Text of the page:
Written By: Bruce
One of the key things that we look at when doing a feasibility study for a capital campaign is the strength of the board. One of the ways we measure that strength is by analyzing the board’s ability to “give and get.”
While it’s critical that an organization heading into a capital campaign has a team of volunteers ready to ask, it’s also important that those volunteers have access to ask for major gifts.
Why can’t anyone ask for a six- or seven-figure gift?
Well, anyone can in theory, but the Law of Lateral Recruitment means that usually, people only ask people of their same or similar socio-economic level, or people who are their peers in some other way.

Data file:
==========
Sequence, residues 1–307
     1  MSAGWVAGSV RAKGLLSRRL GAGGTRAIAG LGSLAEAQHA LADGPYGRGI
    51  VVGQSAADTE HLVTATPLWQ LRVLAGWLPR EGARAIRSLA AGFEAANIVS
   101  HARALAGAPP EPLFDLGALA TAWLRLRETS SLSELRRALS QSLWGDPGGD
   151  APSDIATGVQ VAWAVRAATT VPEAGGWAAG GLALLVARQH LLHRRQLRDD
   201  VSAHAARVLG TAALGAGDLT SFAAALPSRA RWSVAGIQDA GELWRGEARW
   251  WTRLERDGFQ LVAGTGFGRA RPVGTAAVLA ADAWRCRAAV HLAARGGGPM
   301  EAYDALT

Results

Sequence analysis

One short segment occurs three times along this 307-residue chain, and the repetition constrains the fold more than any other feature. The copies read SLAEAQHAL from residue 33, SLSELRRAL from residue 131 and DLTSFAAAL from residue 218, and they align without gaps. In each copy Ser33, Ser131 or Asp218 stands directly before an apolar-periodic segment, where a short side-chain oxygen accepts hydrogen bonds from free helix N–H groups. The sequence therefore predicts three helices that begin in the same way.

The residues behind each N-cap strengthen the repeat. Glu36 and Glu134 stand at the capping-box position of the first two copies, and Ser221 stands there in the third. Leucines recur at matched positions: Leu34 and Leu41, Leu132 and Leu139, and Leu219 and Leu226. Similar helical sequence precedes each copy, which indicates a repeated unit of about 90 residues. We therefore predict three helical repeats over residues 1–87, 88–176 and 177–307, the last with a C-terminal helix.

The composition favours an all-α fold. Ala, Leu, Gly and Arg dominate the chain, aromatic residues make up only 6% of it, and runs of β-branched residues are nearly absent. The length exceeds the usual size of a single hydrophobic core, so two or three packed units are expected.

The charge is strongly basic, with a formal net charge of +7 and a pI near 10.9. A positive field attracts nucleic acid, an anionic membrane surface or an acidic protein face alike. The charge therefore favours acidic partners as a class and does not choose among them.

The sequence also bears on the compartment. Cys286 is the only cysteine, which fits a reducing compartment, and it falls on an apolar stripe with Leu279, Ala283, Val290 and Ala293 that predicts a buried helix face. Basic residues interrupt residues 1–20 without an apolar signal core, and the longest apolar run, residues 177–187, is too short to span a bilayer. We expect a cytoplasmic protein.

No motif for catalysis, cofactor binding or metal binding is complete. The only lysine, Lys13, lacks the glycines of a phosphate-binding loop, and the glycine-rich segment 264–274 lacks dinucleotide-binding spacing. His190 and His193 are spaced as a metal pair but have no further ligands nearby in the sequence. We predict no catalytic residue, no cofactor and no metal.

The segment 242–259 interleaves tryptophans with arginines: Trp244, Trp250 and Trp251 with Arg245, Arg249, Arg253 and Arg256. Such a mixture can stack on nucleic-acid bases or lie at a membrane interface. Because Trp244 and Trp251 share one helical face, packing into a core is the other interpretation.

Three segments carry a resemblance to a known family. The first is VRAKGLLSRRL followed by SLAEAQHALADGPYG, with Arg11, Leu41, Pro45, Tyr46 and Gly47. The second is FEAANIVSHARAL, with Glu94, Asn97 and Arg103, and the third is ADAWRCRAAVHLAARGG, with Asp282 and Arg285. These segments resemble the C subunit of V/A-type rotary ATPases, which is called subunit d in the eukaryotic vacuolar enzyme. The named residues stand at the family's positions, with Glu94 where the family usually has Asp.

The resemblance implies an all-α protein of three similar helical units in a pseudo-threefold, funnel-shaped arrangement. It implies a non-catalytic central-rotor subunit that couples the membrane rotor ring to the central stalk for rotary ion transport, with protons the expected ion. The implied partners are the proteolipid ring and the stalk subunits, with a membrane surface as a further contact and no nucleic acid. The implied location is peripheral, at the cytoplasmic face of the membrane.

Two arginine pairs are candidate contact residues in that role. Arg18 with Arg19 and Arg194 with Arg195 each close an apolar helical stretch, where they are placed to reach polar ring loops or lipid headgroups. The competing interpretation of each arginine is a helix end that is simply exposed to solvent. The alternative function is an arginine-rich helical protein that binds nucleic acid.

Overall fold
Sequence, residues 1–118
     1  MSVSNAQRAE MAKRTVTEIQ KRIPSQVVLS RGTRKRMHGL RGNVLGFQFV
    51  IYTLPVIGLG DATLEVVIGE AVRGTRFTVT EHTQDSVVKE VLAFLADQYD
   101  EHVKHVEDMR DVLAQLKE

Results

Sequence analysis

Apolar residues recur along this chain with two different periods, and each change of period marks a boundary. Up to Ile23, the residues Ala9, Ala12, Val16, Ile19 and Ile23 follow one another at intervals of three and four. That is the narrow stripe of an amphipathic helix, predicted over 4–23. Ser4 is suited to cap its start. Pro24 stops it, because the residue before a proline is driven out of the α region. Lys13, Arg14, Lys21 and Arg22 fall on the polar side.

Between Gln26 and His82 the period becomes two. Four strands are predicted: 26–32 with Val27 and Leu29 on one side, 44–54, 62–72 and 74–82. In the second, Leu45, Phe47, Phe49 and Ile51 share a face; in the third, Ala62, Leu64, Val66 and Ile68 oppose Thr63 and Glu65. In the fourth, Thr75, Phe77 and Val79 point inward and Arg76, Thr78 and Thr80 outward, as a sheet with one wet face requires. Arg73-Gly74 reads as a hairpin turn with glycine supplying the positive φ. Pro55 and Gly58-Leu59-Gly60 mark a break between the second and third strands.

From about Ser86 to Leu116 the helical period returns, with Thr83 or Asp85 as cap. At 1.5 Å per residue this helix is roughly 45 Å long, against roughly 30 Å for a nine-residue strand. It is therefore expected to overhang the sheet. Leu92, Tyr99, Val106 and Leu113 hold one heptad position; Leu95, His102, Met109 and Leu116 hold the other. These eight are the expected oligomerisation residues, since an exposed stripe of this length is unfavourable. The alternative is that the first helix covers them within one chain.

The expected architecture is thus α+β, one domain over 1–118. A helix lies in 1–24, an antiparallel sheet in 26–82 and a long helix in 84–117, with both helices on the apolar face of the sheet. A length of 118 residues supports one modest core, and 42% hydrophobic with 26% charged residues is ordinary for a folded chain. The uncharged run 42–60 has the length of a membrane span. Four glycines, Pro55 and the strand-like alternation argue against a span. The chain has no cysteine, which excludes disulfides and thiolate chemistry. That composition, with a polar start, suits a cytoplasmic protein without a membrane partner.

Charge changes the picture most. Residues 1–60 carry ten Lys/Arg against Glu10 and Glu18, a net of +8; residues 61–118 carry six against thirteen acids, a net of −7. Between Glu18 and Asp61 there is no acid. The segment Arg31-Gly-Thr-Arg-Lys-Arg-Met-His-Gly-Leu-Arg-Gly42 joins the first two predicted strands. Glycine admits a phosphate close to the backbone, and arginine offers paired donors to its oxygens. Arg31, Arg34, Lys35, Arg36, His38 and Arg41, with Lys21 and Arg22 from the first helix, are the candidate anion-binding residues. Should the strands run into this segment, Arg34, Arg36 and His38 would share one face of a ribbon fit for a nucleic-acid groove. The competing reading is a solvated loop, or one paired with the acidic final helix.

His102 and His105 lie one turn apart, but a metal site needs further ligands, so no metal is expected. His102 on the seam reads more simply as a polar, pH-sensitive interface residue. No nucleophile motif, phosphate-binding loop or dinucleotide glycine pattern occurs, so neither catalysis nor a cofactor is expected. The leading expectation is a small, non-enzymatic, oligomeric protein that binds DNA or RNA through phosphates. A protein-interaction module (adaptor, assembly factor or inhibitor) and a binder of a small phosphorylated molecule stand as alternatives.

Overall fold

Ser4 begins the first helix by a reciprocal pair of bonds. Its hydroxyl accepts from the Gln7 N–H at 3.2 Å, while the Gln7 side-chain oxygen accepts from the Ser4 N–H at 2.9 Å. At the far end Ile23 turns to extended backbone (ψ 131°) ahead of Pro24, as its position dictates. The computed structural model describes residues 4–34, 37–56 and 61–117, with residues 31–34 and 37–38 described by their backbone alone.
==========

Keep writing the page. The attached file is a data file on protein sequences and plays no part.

It’s rare that a vice principal at an elementary school will ask CEOs from Fortune 500 companies to donate… unless they all attend the same church or have kids who play together. A middle-class, stay-at-home mom probably won’t recruit a major donor either… unless she has some other relationship to that donor. People generally don’t ask above their own socio-economic level unless they have a separate strong connection.
With that being the case, you need a variety of volunteers with varying connections in the community in order to get your message out to as many people as possible during your capital campaign.
If you’re thinking about a capital campaign, or wondering why your campaign isn’t moving as fast as you’d like, take a hard look at your board and volunteers. Knowing they’re unlikely to “ask up,” who do you need to recruit to your board?